Query taking long time

by Shree
(India)

Hi I am not able to find out what is the problem with the query it takes a very long time to respond.


Following is the data in the tables
Table Name    Number of records
soappkey      17360994
SoRecord      8685193
SoTransaction 8685193
SoResponse    8561626

This is the query
SELECT A.soId
, A.sourceType
, A.sourceId
, A.transactionId
, A.soType
, A.priority
, A.soReplayed
, A.receiptTimestamp
, A.regionId
, B.startTimestamp
, B.soState
, B.soCompleteTimestamp
, B.owningStp
, B.sleGeneration
, B.sleState
, C.soResult
, C.responseTimestamp
, C.respondedTimestamp
FROM nps.soappkey Z
    , nps.SoRecord A
    , nps.SoTransaction B
    , nps.SoResponse C
WHERE A.soId = Z.soId (+)
AND A.soId = B.soId (+)
AND A.soId = C.soId (+)
AND Z.appkeyname = 'MSISDN'
AND Z.appkeyvalue = '2348139276082'
ORDER BY A.soId DESC

And the execution plan
Plan hash value: 555964720

------------------------------------------------------------------------------------
| Id | Operation | Name | Rows | Bytes | Cost |
------------------------------------------------------------------------------------
| 0 | SELECT STATEMENT | | 1 | 173 | 1468K|
| 1 | NESTED LOOPS OUTER | | 1 | 173 | 1468K|
| 2 | NESTED LOOPS OUTER | | 1 | 134 | 1468K|
| 3 | NESTED LOOPS | | 1 | 109 | 1468K|
| 4 | TABLE ACCESS BY INDEX ROWID| SORECORD | 9179K| 709M| 91362 |
| 5 | INDEX FULL SCAN DESCENDING| SORECORDPKEY | 9179K| | 2820 |
|* 6 | TABLE ACCESS BY INDEX ROWID| SOAPPKEY | 1 | 28 | 1 |
|* 7 | INDEX UNIQUE SCAN | SOAPPKEYPKEY | 1 | | 1 |
| 8 | TABLE ACCESS BY INDEX ROWID | SORESPONSE | 1 | 25 | 1 |
|* 9 | INDEX UNIQUE SCAN | SORESPONSEPKEY | 1 | | 1 |
| 10 | TABLE ACCESS BY INDEX ROWID | SOTRANSACTION | 1 | 39 | 1 |
|* 11 | INDEX UNIQUE SCAN | SOTRANSACTIONPKEY | 1 | | 1 |
------------------------------------------------------------------------------------

Predicate Information (identified by operation id):
---------------------------------------------------

6 - filter("Z"."APPKEYVALUE"='2348139276082')
7 - access("A"."SOID"="Z"."SOID" AND "Z"."APPKEYNAME"='MSISDN')
9 - access("A"."SOID"="C"."SOID"(+))
11 - access("A"."SOID"="B"."SOID"(+))

Note
-----
- cpu costing is off (consider enabling it)

Can someone help?

-------------------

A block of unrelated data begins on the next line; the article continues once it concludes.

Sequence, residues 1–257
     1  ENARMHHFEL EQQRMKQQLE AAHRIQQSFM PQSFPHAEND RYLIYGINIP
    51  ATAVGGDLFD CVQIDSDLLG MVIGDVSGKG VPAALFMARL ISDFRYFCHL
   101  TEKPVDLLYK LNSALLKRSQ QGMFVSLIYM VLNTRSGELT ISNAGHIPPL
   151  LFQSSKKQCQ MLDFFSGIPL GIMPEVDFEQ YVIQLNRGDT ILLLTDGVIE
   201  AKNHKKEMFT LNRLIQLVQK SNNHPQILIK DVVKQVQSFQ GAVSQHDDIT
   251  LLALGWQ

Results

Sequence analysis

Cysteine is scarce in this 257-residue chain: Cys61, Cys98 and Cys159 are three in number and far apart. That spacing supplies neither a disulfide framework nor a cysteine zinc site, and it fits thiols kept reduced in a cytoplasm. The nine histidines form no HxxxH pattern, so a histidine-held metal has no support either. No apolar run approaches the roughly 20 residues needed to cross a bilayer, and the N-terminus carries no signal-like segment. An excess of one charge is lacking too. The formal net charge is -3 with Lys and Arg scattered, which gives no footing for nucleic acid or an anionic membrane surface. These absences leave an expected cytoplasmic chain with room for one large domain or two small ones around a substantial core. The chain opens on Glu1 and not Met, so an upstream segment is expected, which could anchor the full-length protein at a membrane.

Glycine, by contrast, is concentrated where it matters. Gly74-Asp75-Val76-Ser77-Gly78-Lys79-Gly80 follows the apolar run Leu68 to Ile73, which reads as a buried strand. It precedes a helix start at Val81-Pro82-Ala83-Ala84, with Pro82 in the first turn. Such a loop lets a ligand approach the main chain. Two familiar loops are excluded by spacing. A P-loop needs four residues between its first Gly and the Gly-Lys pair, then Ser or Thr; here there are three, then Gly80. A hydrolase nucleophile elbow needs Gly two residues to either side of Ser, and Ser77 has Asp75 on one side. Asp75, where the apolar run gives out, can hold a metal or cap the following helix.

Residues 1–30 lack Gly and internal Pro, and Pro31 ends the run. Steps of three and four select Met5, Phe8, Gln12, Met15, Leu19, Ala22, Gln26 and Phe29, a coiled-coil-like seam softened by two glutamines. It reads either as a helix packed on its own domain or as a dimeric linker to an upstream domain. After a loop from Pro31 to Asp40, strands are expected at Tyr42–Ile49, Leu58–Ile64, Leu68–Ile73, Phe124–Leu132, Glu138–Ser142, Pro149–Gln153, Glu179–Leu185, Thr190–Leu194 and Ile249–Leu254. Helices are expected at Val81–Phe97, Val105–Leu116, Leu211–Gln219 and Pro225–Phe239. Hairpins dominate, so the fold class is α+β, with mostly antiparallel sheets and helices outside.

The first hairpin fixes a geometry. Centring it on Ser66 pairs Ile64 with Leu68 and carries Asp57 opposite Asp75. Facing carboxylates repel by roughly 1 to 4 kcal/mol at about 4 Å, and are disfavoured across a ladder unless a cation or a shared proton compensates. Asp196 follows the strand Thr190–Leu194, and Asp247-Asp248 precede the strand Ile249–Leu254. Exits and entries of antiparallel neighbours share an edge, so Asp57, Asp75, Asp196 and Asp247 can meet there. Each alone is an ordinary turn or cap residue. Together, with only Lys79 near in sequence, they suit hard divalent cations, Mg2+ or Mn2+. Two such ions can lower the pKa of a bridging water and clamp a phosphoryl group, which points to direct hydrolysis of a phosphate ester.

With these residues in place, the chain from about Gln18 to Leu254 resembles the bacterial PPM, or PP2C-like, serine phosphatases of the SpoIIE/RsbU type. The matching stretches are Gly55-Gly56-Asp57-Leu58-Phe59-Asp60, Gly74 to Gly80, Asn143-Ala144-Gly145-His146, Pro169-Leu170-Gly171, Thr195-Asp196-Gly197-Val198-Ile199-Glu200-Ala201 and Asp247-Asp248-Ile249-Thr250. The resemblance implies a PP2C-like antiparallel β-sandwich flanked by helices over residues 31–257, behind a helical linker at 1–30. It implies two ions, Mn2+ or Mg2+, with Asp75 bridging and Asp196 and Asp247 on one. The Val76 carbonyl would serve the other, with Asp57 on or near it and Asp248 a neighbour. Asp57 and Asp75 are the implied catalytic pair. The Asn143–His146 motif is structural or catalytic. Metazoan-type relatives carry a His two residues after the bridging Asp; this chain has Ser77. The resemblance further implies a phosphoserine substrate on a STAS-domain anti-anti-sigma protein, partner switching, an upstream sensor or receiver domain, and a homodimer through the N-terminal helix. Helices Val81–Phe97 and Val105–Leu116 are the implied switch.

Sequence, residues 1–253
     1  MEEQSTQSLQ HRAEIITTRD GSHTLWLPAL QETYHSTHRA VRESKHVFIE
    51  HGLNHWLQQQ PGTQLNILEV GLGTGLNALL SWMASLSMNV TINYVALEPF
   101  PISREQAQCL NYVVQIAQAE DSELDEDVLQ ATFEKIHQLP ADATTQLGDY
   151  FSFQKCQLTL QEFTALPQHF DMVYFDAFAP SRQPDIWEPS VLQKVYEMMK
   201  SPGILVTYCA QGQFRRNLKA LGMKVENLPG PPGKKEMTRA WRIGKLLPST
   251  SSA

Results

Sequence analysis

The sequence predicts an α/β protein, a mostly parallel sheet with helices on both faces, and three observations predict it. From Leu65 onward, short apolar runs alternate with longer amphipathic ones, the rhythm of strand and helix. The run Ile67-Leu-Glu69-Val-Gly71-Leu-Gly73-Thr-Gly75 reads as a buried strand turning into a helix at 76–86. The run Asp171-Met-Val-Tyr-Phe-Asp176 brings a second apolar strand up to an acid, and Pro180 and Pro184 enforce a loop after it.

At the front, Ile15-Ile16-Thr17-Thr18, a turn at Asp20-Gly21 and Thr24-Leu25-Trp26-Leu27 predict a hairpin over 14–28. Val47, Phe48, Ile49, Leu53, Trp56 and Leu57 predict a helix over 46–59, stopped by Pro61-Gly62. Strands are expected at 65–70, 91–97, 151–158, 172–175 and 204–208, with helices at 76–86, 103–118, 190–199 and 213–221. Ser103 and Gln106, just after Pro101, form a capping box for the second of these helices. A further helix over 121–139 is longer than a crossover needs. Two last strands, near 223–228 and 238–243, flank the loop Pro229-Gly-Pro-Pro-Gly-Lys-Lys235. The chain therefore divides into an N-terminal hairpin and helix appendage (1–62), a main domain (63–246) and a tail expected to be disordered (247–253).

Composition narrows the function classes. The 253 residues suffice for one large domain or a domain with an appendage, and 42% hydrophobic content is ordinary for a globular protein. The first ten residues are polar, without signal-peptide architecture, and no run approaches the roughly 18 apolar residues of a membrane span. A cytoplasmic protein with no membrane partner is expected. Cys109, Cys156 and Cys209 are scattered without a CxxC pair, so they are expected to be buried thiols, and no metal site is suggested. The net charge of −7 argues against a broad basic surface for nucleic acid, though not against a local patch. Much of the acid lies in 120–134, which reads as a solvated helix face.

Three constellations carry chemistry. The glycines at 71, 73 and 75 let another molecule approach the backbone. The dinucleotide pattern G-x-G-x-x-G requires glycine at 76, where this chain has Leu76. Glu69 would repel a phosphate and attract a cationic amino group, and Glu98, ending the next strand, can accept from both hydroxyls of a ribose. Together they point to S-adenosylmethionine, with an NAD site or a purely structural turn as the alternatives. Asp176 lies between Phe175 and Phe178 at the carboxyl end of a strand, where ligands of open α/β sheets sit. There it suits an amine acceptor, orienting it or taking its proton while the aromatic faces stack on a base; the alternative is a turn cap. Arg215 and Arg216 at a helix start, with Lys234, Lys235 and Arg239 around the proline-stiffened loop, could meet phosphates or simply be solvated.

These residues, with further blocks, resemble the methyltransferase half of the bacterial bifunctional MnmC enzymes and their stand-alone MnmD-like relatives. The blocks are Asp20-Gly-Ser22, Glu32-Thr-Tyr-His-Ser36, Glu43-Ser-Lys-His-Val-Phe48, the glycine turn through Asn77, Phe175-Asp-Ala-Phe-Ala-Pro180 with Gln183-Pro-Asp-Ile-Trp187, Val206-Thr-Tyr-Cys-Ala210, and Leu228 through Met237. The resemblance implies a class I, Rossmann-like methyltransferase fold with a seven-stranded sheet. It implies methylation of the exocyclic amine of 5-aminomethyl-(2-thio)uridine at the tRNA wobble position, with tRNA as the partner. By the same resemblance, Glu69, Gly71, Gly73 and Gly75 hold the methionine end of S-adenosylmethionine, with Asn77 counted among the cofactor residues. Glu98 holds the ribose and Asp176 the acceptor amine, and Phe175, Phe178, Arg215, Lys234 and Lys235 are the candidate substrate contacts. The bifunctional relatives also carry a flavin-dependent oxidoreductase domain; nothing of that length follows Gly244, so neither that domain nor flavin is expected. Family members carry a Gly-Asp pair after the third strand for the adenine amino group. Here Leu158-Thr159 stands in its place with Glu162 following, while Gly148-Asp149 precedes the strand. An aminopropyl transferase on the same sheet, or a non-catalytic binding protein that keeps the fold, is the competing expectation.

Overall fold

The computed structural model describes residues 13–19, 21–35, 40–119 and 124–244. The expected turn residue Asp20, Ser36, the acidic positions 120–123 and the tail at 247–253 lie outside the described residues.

Without knowing anything about your application and with the limited amount of information you have provided, it is difficult to be of much help. However we can offer a few general tips.

Firstly, the number of records in the tables is of not much relevance to SQL tuning. If Oracle has accurate statistics it will decide whether or not to use indexes depending on the proportion of the table that is expected to be read by the query and the size of the the table. If a large proportion of data is required or the table is small, then Oracle will chose a full table scan. If a small proportion of the table is required and the table is large then Oracle will use indexed reads.

In this example, as we can see from the plan, Oracle has decided to use indexed reads because the 2 constants provided in the where clause of your SQL statement apply to a small number of records.

In summary, the first tip is to make sure your table statistics are accurate by running one of the procedures in DBMS_STATS to gather statistics at the table, schema or database level.

Secondly, your SQL statement involves outer joins - meaning that if a match is not found in one table for a key value from the other table then a NULL value is returned. You should check that outer joins are in fact required. Does your application permit child/related records to be created before the parent record? And if so, should it (meaning is this a business requirement or just sloppy design or programming)? If it's a business requirement then outer joins are required. If not, then they are redundant. See http://www.asktheoracle.net/oracle-sql-joins.html to learn about the different types of joins in Oracle.

Thirdly, it may not be possible to get this query to run any faster given the amount of data in your database. In which case there are a couple of possibilities. If this is a data warehouse, you could consider partitioning your data (depending on your license) or you could use materialized views. A materialized view is merely a SQL query that has already been run and the results stored in a table. Materialized views have a number of options regarding the refreshing of the view. For more details see the Oracle Datawarehousing Guide.

See also the following questions and answers about Oracle performance tuning:

Finally, see here for a more in-depth discussion of Oracle performance tuning and see the Oracle training page for information about formal training courses.

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